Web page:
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Regional Reviews
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Regions 2 and 3
Section 368 Corridor Study
Settlement Agreement

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Stakeholder Input
To facilitate stakeholder engagement during the Regional Reviews, the BLM and USFS have developed corridor abstracts and an online input form

Frequently Asked Questions

Regional Reviews

An overview of Regional Reviews, including corridor abstracts for public review, considerations identified in the Corridor Study; opportunities for public participation; and updates to the Regional Review process, when available.

The purpose of the Regional Reviews is to examine new relevant information and stakeholder input on the Section 368 energy corridors, including corridors of concern, and, based on this information, identify potential revisions, deletions, or additions to the corridors and identify possible changes to the IOPs.

The Regional Reviews will be guided by the following corridor siting principles from the Settlement Agreement, to ensure that:

  • Corridors are thoughtfully sited to provide maximum utility and minimum impact to the environment;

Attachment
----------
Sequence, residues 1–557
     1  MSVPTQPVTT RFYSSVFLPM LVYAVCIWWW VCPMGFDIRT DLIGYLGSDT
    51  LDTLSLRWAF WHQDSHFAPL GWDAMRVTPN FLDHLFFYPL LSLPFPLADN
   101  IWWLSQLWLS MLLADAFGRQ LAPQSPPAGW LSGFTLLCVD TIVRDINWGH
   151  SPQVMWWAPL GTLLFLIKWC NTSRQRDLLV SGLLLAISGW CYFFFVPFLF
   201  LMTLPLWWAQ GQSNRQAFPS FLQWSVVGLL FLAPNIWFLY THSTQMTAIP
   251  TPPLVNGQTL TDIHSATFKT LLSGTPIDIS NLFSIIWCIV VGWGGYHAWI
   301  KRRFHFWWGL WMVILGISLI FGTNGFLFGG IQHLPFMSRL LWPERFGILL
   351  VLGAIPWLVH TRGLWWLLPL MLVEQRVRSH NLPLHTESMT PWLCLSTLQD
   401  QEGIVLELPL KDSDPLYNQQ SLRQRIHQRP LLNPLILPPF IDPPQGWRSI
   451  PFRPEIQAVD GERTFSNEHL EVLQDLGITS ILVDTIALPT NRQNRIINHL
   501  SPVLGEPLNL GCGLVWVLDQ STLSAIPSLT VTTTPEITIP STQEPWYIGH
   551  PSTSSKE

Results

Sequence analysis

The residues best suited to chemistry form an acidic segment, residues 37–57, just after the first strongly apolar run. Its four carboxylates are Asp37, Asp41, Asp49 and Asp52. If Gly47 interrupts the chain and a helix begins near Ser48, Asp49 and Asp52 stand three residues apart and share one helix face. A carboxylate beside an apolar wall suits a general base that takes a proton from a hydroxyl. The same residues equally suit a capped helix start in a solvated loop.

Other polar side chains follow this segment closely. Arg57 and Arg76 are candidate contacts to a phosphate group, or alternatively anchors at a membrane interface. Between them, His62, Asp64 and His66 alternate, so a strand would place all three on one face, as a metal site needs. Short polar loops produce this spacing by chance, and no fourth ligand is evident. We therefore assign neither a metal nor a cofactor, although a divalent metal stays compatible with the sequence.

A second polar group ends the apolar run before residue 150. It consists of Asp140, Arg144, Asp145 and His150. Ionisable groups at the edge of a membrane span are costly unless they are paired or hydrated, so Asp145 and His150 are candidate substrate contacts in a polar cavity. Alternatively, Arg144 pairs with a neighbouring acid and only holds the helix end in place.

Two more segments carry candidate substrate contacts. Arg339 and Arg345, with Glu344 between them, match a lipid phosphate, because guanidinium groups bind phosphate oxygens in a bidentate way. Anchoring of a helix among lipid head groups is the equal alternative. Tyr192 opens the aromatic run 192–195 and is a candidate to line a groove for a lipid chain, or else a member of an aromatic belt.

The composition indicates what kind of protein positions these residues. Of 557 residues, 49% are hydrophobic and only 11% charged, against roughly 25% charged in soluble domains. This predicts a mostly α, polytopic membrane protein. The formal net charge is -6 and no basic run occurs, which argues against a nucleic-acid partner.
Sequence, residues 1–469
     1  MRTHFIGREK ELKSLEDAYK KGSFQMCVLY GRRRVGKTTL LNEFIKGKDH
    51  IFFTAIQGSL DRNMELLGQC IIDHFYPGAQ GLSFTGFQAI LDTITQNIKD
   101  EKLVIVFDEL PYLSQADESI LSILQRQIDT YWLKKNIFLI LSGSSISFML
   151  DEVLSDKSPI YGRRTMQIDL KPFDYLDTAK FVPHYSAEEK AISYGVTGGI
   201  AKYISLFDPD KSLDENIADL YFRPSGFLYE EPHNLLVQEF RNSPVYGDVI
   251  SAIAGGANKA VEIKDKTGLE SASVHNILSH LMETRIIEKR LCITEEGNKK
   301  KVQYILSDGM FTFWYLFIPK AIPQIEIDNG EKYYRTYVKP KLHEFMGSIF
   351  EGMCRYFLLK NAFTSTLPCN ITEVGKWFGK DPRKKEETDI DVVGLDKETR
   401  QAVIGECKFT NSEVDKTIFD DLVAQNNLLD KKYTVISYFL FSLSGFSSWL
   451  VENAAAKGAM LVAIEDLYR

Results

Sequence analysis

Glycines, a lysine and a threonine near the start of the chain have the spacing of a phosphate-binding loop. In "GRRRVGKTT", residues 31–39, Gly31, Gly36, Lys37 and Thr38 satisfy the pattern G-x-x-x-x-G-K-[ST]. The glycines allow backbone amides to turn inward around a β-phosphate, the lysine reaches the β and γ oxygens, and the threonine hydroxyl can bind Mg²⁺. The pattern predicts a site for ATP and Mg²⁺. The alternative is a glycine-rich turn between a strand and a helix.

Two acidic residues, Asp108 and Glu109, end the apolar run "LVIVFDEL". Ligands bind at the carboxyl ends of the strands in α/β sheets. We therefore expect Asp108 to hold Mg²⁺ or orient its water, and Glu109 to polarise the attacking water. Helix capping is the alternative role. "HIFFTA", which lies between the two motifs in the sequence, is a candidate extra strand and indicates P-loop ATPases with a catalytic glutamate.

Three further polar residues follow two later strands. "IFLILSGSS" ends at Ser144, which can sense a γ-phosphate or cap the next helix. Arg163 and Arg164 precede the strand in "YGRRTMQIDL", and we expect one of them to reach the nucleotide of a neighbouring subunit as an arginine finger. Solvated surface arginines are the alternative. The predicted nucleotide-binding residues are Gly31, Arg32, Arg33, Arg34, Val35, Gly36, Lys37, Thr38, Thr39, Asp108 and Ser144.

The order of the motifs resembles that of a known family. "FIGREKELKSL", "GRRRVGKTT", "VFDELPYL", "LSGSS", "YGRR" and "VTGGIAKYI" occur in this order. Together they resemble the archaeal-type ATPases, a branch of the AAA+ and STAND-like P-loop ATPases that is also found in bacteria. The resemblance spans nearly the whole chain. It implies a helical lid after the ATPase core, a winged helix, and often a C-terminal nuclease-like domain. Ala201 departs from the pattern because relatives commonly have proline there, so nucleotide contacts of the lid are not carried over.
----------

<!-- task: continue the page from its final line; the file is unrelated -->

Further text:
• Corridors promote efficient use of landscape for necessary development;
  • Appropriate and acceptable uses are defined for specific corridors; and
  • Corridors provide connectivity to renewable energy generation to the maximum extent possible, while also considering other generation, in order to balance the renewable sources and to ensure the safety and reliability of electricity transmission.

An interim step to the recommendations is the development of corridor abstracts, an initial analysis of the corridors. Corridor abstracts assist the Agencies and the stakeholders in identifying specific environmental concerns and other challenges, such as pinch points, for each corridor. These abstracts provide a condensed record for each corridor. Stakeholders will have the opportunity to review and comment on the abstracts and, subsequently, on the recommendations. Any potential revisions, deletions, and additions to the corridors identified through the Regional Reviews will be considered by the BLM and USFS during subsequent land-use planning and environmental review processes.